The next combat deployment for the AH-64A occurred in April 1999, when 24 of them, belonging to the 11th Attack Helicopter Regiment of the 12th Aviation Brigade, were deployed to the Rinas Mother Teresa Airport in Tirana, Albania within what It became known as “Task Force Hawk.” This time the Apache had to perform a totally different mission, they had to acquire the targets and relaying the information to USAF’s bomber units so that they could destroy Yugoslav formations stationed in Kosovo that supported units of the Serbian Police. Task Force Hawk was a support unit for NATO operations within Operation Allied Force and has been described as both a huge failure and a huge success, although for the AH-64A it was a clear failure.
The Apache made a direct flight from their base in Illesheim, Germany to Tirana and once settled in their base…..they did not carry out a single combat mission! Surprisingly, after an enormous deployment that cost the United States almost 500 million dollars, no unit of Task Force Hawk entered combat, however the Apaches deployed showed a worrying lack of training and various operational and equipment problems that reached the pages of the main newspapers in the United States. Additionally, to make matters worse, two AH-64As were lost when they crashed during training flights. According to some sources, the verification by American intelligence of an effective network of Yugoslav anti-aircraft defenses prevented the Apache from carrying out any combat missions in Kosovo.
In 1999 the US Army decided to transform the AH-64A into AH-64D, which was done progressively and ended in July 2012, the date on which variant A was considered decommissioned. Of course the AH-64A participated in the operations carried out in Afghanistan and Iraq between 2001 and 2021. In Afghanistan, 9 Apaches were lost between 2001 and 2013 due to accidents, (according to official sources), it is unknown if any were shot down by enemy fire. In Iraq, 9 AH-64As were lost, 3 in accidents and 6 due to enemy fire between 2003 and 2007. Since 2008 Boeing stopped providing support for the AH-64A, advising all users to modernize to the D variant to remain operational.
In June 1989, Israel was the first country that showed interest in the Apache and requested the sale of 16 of them through the Foreign Military Sales Program. This decision was made instead of carrying out a costly modernization of the AH-1 Tsefa (Viper), despite many critical voices within the Israeli Air Force (IAF). In 1990 it began receiving the first AH-64A Peten (Python), according to Israeli designation. The total number of AH-64As acquired by Israel amounted to 42, which were fully delivered in the late 1990s. In 2013, the existing AH-64A Peten received the modernization of various equipment. The modified aircraft are designated “AH-64Ai” and their capabilities are quite close to those of the AH-64D Apache Longbow, and 26 of them remain in service. Israeli AH-64A Apaches have been used extensively in carrying out precision strikes against leaders of the Palestinian Hamas movement and in the fight against the Lebanese Hezbollah paramilitary forces.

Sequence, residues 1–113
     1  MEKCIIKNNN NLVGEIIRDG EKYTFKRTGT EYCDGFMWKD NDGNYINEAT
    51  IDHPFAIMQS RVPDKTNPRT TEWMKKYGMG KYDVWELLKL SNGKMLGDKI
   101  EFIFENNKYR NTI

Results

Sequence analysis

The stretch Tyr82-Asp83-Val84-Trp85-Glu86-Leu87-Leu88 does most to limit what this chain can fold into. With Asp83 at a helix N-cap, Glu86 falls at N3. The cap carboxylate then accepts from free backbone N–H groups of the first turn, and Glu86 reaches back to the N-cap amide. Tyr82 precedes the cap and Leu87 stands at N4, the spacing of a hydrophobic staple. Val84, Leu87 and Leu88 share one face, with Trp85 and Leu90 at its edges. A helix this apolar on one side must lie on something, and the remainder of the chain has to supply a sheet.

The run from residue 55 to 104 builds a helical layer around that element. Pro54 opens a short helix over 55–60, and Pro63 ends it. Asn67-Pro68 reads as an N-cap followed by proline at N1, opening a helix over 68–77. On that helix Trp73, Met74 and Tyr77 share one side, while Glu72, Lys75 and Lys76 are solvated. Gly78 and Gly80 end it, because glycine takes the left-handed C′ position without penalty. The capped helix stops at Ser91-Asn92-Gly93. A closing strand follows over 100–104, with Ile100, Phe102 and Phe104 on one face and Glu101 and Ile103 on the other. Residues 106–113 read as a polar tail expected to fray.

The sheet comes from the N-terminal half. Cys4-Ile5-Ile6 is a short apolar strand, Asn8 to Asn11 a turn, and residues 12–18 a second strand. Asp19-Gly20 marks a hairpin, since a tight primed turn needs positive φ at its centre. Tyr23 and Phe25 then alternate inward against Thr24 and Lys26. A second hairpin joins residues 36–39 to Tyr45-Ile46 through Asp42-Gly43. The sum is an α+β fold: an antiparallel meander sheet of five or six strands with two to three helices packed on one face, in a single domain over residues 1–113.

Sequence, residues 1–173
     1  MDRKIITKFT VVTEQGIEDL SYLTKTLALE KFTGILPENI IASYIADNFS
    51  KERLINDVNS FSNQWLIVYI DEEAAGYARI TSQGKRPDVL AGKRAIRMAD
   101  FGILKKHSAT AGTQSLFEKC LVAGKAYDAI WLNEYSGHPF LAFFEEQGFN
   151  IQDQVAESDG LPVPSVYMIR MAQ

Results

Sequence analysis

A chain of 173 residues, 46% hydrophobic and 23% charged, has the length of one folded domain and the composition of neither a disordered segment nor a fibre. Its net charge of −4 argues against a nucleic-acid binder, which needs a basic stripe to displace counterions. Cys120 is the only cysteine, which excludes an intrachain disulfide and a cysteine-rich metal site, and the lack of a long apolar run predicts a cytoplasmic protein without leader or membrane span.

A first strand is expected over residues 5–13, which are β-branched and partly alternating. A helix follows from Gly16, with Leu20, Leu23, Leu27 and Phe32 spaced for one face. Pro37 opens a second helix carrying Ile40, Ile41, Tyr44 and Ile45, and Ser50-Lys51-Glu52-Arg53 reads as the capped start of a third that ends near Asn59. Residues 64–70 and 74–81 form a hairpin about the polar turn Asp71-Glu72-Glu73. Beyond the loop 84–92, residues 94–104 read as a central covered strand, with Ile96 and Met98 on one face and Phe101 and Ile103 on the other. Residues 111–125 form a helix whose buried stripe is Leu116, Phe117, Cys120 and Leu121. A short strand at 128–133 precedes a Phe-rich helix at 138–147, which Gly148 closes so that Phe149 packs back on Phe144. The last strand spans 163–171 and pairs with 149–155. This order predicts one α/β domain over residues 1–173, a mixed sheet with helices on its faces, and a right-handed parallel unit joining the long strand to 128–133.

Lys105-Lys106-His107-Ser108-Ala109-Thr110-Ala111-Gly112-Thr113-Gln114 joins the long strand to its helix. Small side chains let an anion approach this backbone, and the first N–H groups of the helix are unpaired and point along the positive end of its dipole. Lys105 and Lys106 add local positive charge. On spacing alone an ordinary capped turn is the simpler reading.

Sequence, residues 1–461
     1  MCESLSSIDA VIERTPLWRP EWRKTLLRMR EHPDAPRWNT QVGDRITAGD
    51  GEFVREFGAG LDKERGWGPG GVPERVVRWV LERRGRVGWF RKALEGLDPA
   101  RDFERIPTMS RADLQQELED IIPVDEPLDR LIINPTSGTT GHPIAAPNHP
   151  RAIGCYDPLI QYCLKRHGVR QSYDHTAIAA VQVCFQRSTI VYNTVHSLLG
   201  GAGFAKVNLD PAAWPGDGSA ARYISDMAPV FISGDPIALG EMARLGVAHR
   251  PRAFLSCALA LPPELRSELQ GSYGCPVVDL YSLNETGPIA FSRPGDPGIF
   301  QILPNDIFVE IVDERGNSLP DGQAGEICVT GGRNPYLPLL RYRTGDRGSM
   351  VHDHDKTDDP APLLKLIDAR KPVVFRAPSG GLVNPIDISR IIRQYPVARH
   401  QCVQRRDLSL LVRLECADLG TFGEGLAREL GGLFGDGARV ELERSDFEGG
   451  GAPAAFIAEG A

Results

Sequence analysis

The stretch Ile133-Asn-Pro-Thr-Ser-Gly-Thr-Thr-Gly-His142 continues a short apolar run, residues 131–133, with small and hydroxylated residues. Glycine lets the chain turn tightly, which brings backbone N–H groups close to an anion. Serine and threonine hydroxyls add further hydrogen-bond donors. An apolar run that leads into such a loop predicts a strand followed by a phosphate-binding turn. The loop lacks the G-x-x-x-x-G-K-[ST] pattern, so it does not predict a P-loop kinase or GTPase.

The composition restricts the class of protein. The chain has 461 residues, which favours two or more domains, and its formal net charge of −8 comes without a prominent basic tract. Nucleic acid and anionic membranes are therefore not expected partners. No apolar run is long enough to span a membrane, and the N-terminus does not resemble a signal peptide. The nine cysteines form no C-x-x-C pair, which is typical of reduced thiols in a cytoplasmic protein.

During the 1989 Le Bourget Airshow, McDonnell Douglas and the British firm Westland signed an agreement for the latter to manufacture this helicopter if it were chosen by the British Army as the next attack helicopter. It was estimated that between 125 and 150 aircraft would be acquired and that Westland would manufacture up to 40% of the airframe in the United Kingdom. Finally, in 1993, a competition was opened in which several companies participated with helicopters such as the Agusta A129 Mangusta, Eurocopter Tiger, Bell AH-1 Super Cobra, Boeing/Sikorsky RAH-66 Comanche and the Westland/McDonnell Douglas AH-64 Apache, which was the winner, although the selected variant was the AH-64D with several modifications and British equipment under designation Westland WAH-64 Apache Mk.1 or Apache AH Mk.1 (Apache AH1) (on the image).
The list of AH-64A users grew and the next was Saudi Arabia, which ordered 12 of them for its Land Forces at the end of the 1991 Gulf War. These Apaches were delivered shortly after and by the end of 2023 there were still 8 of them in service. These Apaches have participated in various combat missions against Houthi rebels in 2009 and during the Yemeni Civil War of 2015, in which some are believed to have been shot down.
The United Arab Emirates ordered 30 AH-64As that were delivered between 1992 and 1994 and were converted to the AH-64D Longbow variant in 2008. Egypt also acquired 36 AH-64As in 1995 that were later converted to the D variant, but without Longbow radar due to the refusal of the U.S. government. The last country to acquire AH-64A was Greece, which in 1995 ordered 20 units, of which at the end of 2023 19 of them remain in service, although of the modernized AH-64A+ variant (on the image).